With these and other embodiments in mind,
Regardless, each BSC 30 controls one or more RBSs 20, and each RBS 20 defines a radio cell (e.g., cell “C1,” “C2,” etc.), with each such cell divided into multiple radio sectors (e.g., sector “S1,” “S2,” and “S3”). The BSCs 30 receive information signals that are processed and passed along for transmission by the appropriate RBSs 20. As noted, these information signals may be broadcast signals intended for a group of mobile stations 16, or dedicated channel signals intended for particular ones of the mobile stations 16, or some mix thereof.
In one embodiment, diversity coding is done at the BSC level and/or at the RBS level, as previously discussed herein. However, in addition to those levels of diversity coding, or as an alternative to BSC or RBS diversity coding, the centralized node 42 may be configured for centralized diversity coding of at least some types of information signals. Thus, in one embodiment, the centralized node 42 may be configured to generated diversity-coded versions of one or more broadcast signals. With that approach, dedicated channel signal diversity-coding still may be performed at the BSC level, or at the RBS level, as is appropriate for soft or softer handoff transmission modes. Of course, it should be understood that other combinations of centralized and non-centralized diversity coding are contemplated herein.
In at least one embodiment of the network 10, at least some aspects of multi-sector diversity coding involved centralized functions. For example, the centralized node 42 can be configured to process signal strength feedback, channel information, or other form of received signal information feedback from one or more mobile stations 16 that are receiving diversity transmissions. The node 42 may then send control message, commands, or other signal information to one or more BSCs 30, such that multiple BSCs 30 and RBSs 20 are controlled to effect the desired diversity code strength balancing at the one or more mobile stations 16. In other embodiments, the BSCs 30 may carry out feedback processing and provide corresponding reports to the node 42, which may then send individual or distributed control information to the BSCs 30 involved in the transmission of diversity-coded signals to particular mobile stations 16, such that a desired diversity code strength balance is achieved at those mobile stations 16.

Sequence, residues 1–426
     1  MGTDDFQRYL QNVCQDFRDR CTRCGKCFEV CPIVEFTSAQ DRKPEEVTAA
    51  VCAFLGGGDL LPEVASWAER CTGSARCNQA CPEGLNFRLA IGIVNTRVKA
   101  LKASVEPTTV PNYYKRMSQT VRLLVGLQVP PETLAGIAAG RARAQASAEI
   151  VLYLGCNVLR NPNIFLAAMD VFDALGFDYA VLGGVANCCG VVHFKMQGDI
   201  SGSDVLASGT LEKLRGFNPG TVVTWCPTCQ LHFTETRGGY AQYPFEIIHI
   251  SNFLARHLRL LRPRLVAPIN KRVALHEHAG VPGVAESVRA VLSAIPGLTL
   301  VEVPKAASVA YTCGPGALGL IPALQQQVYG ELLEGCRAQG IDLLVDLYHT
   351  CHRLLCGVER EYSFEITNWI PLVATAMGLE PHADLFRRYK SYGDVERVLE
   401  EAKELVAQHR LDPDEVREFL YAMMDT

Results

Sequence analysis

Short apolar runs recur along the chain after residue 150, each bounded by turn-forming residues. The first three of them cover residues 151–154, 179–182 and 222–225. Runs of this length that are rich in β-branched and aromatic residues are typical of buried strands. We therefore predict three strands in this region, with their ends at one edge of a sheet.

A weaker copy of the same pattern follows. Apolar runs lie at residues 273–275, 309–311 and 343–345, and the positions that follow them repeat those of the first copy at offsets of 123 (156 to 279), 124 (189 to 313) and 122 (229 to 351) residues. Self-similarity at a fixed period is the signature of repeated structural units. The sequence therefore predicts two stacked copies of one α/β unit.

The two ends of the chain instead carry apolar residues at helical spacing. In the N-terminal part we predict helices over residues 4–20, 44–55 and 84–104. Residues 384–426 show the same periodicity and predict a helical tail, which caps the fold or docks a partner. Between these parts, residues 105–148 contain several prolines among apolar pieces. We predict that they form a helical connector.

In another aspect, the node 42 may be configured to maintain one or more sets of diversity codes to be used for diversity coding, and can be configured to assign particular diversity codes to particular sectors of the network 10. Further, the centralized node 42 can be configured to update the per-sector code assignments dynamically for one or more information signals subject to diversity-coded transmission. In this manner, the pattern of diversity code distribution among the involved sectors changes, which may benefit reception under certain conditions. The mechanism used to drive the dynamic pattern changing may be based on empirical data or based on analytical data.
As a non-limiting example, the performance gains of diversity coding may depend on the relative strengths of the different diversity-coded versions of the information signal, as received by the mobile station 16. For example, consider Alamouti codes with its use of two space-time code types. With Alamouti coding, reception performance gains at the mobile station 16 generally are maximized when the mobile station 16 “sees” the two codes at equal strength.
Thus, if one code is dominant, the performance gain can be negligible. As such, dynamic code pattern changes may consider making equal-strength codes for the mobile station(s) 16, particularly for the dedicated channel case. That is, the network 10 may be configured to transmit diversity-coded versions of a given information signal, such that the one or more mobile stations 16 interested in that information signal, receive the differently coded versions at substantially the same signal strength.
In one embodiment, the network 10 uses channel information returned from the mobile station(s) 16 for this purpose. As used herein, the term “channel information” is used broadly to denote information directly or indirectly related to the propagation channels between the mobile station(s) 16, and the sectors of the network 10 involved in transmitting diversity-coded versions of a given information signal. By way of non-limiting examples, the channel information returned by a given mobile station 16 may include one or more of channel quality indicators, pilot strength measurement reports, and partial or full feedback of channel information (e.g., propagation channel coefficient feedback).